From the very beginning of Moving Away, udu-player Eugene Skeef mixes rhythms together. But what rhythms?
Eugene Skeef playing the udus
Here’s the udu part from the beginning of Moving Away, played by Eugene Skeef. Like many of the parts in this song, the udu plays a repeating pattern, or riff, that continues for most of the song. All the time, though, Eugene’s adding variety and variation to the pattern, playing around with different rhythms.
But where does the pattern come from in the first place? Here are two rhythms that on a first hearing sound almost completely different. The first one’s the SoundJunction seed rhythm and the second is a traditional West African dance rhythm called ‘kuku’.
Can you hear either of those rhythms in the udu music from the beginning of Moving Away? In fact, they’re both in there.
In this clip, you can hear the seed rhythm and the udu music played together. The seed rhythm gives the udu music its grounding rhythm – the udu part is based on the seed rhythm, but it’s not exactly the same.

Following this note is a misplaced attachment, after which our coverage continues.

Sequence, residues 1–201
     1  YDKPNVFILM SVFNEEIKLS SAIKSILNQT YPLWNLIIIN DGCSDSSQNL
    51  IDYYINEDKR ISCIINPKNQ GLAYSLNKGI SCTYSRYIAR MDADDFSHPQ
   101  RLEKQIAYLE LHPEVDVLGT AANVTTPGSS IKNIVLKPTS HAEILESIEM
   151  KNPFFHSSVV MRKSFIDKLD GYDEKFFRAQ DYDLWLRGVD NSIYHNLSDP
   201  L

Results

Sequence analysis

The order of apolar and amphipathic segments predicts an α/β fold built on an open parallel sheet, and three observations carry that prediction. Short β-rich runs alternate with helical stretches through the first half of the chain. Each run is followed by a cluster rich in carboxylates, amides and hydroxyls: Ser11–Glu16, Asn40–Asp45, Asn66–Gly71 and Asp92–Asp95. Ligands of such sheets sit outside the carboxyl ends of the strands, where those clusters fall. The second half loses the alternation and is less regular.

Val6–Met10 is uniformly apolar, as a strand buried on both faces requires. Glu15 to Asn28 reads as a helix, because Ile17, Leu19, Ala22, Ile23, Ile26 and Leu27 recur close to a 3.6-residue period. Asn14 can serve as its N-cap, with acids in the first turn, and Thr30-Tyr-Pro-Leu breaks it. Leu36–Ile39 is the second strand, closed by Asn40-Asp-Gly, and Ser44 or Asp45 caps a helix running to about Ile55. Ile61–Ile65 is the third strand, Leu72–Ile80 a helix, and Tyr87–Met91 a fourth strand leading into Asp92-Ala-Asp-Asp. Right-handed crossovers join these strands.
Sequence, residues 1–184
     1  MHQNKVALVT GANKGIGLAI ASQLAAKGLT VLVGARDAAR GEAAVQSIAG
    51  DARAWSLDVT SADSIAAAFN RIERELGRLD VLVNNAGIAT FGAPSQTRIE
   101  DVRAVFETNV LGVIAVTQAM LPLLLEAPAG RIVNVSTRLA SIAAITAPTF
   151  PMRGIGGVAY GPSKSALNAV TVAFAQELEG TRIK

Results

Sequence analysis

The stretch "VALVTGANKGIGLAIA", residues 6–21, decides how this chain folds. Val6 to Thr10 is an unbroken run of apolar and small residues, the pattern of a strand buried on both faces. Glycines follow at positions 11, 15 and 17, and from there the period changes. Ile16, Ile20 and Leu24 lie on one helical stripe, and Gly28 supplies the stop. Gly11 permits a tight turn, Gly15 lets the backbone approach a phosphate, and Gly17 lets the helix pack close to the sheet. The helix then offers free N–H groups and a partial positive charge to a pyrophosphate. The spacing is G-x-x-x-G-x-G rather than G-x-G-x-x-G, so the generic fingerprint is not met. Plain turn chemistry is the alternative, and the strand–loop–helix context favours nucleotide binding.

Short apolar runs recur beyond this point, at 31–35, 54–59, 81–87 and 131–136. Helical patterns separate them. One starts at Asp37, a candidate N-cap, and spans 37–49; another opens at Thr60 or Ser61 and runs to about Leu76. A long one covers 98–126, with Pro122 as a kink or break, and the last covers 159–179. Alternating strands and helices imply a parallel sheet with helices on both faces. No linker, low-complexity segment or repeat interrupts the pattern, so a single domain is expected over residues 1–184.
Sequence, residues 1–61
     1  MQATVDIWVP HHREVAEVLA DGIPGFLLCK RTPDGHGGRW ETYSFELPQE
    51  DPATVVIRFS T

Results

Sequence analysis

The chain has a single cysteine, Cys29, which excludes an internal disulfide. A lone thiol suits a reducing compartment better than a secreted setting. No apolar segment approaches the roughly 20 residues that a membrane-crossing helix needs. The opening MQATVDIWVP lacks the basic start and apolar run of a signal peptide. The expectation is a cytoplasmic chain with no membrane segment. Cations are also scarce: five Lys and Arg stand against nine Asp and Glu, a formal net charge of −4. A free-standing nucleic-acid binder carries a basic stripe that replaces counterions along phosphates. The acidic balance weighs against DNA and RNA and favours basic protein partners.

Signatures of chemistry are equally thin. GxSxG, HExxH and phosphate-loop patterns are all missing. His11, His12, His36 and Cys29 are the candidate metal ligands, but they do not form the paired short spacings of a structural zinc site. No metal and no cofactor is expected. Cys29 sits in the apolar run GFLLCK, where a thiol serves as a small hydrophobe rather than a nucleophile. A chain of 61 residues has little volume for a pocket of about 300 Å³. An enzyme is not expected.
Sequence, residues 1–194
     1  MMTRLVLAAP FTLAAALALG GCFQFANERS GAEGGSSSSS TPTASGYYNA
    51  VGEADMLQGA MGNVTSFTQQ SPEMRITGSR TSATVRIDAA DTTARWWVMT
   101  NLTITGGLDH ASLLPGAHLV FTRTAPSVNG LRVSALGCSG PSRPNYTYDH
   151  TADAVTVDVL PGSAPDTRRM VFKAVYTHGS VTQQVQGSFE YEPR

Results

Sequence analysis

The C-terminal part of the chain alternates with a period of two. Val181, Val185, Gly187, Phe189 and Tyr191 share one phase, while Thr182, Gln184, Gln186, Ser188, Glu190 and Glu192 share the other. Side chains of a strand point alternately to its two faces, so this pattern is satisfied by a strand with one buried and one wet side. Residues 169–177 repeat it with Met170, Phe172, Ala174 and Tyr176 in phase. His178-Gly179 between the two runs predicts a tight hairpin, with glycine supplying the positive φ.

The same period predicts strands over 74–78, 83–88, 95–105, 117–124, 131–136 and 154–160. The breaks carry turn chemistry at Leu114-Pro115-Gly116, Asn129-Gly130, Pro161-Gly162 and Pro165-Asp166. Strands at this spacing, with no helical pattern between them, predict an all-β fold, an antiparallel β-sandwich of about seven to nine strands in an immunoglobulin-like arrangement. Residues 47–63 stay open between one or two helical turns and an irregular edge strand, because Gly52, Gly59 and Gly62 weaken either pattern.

Here’s one of the reasons why. This clip combines the kuku rhythm with the udu part (the kuku plays first and is joined by the music from Moving Away). If you listen carefully, you can hear that there are elements of the kuku in the Moving Away udu parts, like the swooping notes, for example.
What Eugene’s doing is combining some elements of one rhythm with some of another. The two starting rhythms (the seed and the kuku) aren’t totally dissimilar, of course, but these two rhythms are the basic ingredients of Eugene’s udu part in Moving Away.
Here’s Eugene playing the udus at the beginning of Moving Away.
Tiriba and kuku rhythms...